Introduction: Plastics are derived and manufactured from higher density hydrocarbons. They are tough and are not degradable when disposed, potentially present in an ecosystem for between 500 – 1,000 years! With increases in human population and commercial activities over the last century, we have also witnessed a tremendous increase in the quantity and use of plastics as shopping and gift bags, carriers for drinks and water, insulation materials and general packaging of merchandise. In Nigeria however, the most environmentally damaging and unsustainable use of plastics is in the commercial sector where plastics are used as wrapping/shopping bags and as carriers for water in this case commonly known as pure/sachet water. UNEP (2017). Global plastics data. Many bags drift into the ocean, strangling turtles, suffocating seabirds and filling the stomachs of dolphins and whales with waste until they die of starvation. Habib El-Habr, an expert on marine litter working with the UN Environment Programme in Kenya, outraged by the development commented as follows: “If we continue like this, by 2050, we will have more plastic in the ocean than fish.” What are the issues?: The indiscriminate and poor disposal of such used plastics are fraught with numerous environmental consequences which include;…
Who can better manage the forest than those living in it? Community forest contributes to the sustainable livelihoods of millions of rural people living in developing nations. Thus community involvement has the potential to improve the effectiveness, efficiency and provide more co-benefits from REDD+ project. The Nigerian Conservation Foundation (NCF), through support from the United Nations Office for Project Services (UNOPS) and Global Environment Facility, Small Grant Programme (GEF- SGP) is re-defining forest management, conservation of landscape and rural livelihoods in selected forest-edge communities (Ebok, Kabakken and Ebranta) in Boje, Boki Local Government Area of Cross Rivers Sate. In 2017, NCF, with the support of GEF-SGP set up the Community-Based REDD+ programme (CBR+) to promote activities that boost poverty eradication, promotion of improved crop varieties and yields, gender empowerment, biodiversity conservation and climate change mitigation and adaptation. Through this funding, Ebok, Kabakken and Ebranta communities cultivated two acres of land respectively with improved cassava stem cuttings, set-up cassava processing mills, cultivation and domestication of Afang Gnetum africanum by community members and harvesting of Non-Timber Forest Products (NTFPs) - bush mango Irvingia gabonensis as part of efforts to reduce forest loss through improved agricultural practices. Proceeds of the harvest were shared…
The global celebration of forests provides an opportunity to raise awareness of the importance of all types of woodlands and trees, and celebrate the ways in which they sustain and protect us. In Nigeria, less than 5% of the total land area is afforested, yet, even the sparse forest remainders are under threat with land use pressures (agriculture, infrastructure, housing and resources-harvesting) a critical driver of deforestation. Unfortunately, there is an under-appreciation of forests by governments at all level in Nigeria not just for their important ecosystem functions but even for human survival and sustainability as carbon sinks and oxygen pool, together with the numerous other benefits they offer. Key Messages for the society: Forests and trees store carbon, which helps mitigate the impacts of climate change in and around urban areas. Trees also improve the local climate, helping to save energy used for heating by 20-50%. Strategic placement of trees in urban areas can cool the air by up to 8 degrees Celsius, reducing air conditioning needs by 30%. Urban trees are excellent air filters, removing harmful pollutants in the air and fine particulates. Trees reduce noise pollution, as they shield homes from nearby roads and industrial areas. Local…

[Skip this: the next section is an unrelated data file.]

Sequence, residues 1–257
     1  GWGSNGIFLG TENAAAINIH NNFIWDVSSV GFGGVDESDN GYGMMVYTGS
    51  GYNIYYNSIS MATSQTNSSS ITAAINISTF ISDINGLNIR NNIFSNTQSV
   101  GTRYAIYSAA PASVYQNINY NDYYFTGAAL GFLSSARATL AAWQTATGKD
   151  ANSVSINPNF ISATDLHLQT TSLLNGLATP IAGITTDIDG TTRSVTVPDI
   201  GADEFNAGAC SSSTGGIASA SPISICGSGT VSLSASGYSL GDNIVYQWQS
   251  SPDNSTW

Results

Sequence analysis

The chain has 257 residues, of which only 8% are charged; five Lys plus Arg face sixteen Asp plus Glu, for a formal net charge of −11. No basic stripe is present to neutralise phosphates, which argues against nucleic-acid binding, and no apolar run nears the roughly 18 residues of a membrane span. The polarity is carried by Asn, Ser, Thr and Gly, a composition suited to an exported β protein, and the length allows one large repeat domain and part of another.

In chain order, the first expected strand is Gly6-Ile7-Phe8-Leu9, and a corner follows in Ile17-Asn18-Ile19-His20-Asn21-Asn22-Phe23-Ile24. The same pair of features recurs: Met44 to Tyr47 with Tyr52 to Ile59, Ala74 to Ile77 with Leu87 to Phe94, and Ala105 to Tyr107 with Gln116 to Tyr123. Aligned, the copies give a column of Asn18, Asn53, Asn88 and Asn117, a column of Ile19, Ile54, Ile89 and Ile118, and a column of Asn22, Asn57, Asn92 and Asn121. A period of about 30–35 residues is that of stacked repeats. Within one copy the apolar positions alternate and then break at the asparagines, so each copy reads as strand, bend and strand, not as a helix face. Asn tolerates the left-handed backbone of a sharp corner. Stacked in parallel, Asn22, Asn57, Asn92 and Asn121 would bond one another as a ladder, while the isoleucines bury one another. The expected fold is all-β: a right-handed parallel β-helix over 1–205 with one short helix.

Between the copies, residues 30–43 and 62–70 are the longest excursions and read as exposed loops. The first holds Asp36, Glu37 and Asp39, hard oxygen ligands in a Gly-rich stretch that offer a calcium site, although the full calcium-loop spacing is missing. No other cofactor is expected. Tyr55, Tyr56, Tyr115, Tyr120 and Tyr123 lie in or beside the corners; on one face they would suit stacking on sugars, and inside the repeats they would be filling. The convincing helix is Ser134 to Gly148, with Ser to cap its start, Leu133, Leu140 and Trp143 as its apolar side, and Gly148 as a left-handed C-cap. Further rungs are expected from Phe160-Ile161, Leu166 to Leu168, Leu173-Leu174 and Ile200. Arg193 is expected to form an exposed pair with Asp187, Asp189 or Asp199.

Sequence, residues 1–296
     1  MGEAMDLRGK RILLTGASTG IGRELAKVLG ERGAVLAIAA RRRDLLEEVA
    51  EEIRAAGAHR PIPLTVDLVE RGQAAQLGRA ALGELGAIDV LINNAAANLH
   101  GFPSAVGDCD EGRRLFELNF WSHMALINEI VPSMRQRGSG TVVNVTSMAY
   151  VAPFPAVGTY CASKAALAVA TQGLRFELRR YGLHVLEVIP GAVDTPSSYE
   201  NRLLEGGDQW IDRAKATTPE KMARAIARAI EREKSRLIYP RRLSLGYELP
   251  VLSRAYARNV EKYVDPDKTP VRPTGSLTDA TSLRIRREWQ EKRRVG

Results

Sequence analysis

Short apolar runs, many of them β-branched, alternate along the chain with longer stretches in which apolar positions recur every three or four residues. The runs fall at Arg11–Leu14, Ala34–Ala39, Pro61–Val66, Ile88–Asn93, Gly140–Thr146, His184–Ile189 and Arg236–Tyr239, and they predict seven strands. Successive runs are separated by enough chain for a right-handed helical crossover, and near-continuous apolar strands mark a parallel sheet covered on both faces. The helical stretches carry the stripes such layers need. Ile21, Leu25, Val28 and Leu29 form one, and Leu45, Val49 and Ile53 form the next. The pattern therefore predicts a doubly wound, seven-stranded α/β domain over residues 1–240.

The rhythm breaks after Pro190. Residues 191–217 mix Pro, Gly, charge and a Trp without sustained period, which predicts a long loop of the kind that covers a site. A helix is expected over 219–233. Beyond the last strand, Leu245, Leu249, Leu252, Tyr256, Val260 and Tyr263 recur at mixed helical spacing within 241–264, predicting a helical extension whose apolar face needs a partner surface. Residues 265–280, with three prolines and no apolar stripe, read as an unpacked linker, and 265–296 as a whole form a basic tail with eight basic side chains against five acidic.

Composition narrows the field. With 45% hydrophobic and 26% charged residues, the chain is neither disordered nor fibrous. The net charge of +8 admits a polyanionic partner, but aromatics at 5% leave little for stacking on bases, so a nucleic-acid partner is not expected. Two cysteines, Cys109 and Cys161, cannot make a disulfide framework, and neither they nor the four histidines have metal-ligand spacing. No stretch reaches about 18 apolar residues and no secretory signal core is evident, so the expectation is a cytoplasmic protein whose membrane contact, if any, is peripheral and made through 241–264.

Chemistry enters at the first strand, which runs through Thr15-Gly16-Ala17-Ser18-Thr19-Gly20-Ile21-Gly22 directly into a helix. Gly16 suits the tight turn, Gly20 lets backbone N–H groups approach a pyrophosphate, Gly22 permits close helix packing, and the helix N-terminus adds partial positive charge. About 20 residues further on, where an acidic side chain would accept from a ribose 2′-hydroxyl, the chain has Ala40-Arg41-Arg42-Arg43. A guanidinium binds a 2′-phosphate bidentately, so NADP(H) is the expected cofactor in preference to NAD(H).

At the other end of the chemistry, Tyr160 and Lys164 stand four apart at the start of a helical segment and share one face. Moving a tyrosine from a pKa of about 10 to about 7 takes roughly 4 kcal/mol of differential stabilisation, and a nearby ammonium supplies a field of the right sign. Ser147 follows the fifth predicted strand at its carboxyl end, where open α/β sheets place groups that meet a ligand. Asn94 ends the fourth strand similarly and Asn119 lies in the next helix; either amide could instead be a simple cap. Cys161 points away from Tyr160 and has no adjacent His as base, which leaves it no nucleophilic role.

The Lekki Bird Club (LBC) will be visiting the Lekki Conservation Centre, Lekki,Lagos for the next Expedition on Saturday, the 24th of March, 2018. Please note that Rendezvous will be one location; Lekki Conservation Center (LCC) rendezvous by 6:15 am prompt. Interested individuals should sign up by sending their names. (Email: This email address is being protected from spambots. You need JavaScript enabled to view it. GSM: +2347085029952) Don't Miss it!
The plan to annually celebrate the World Wildlife Day was conceived during the 68th session of the United Nations General Assembly in December, 1983 as a means to raise awareness of the world’s wild fauna and flora as well as to recognise the importance of the Convention on International Trade in Endangered Species (CITES) in ensuring that international trade of Wild Flora and Fauna does not threaten the survival of species. The theme of World Wildlife Day 2018 ‘Big cats - predators under threat’ is a step further from last year’s theme ‘‘Listen to the Young Voices’ as a way to ensure the realisation of CITES objective in the 182 member states of the United Nations, on the need to urgently rise to the demands of conserving all form of wildlife especially the big predators - who are now globally threatened - with their condition in Nigeria even more dire! With reference to the 2016’s World Environment Day, Amina Mohammed, who until her recent UN’s appointment was the Minister of Environment said, “The status of wildlife in the country leaves much to be desired, as the rate of depletion of the population of animals like the elephants, leopards, giraffes and…
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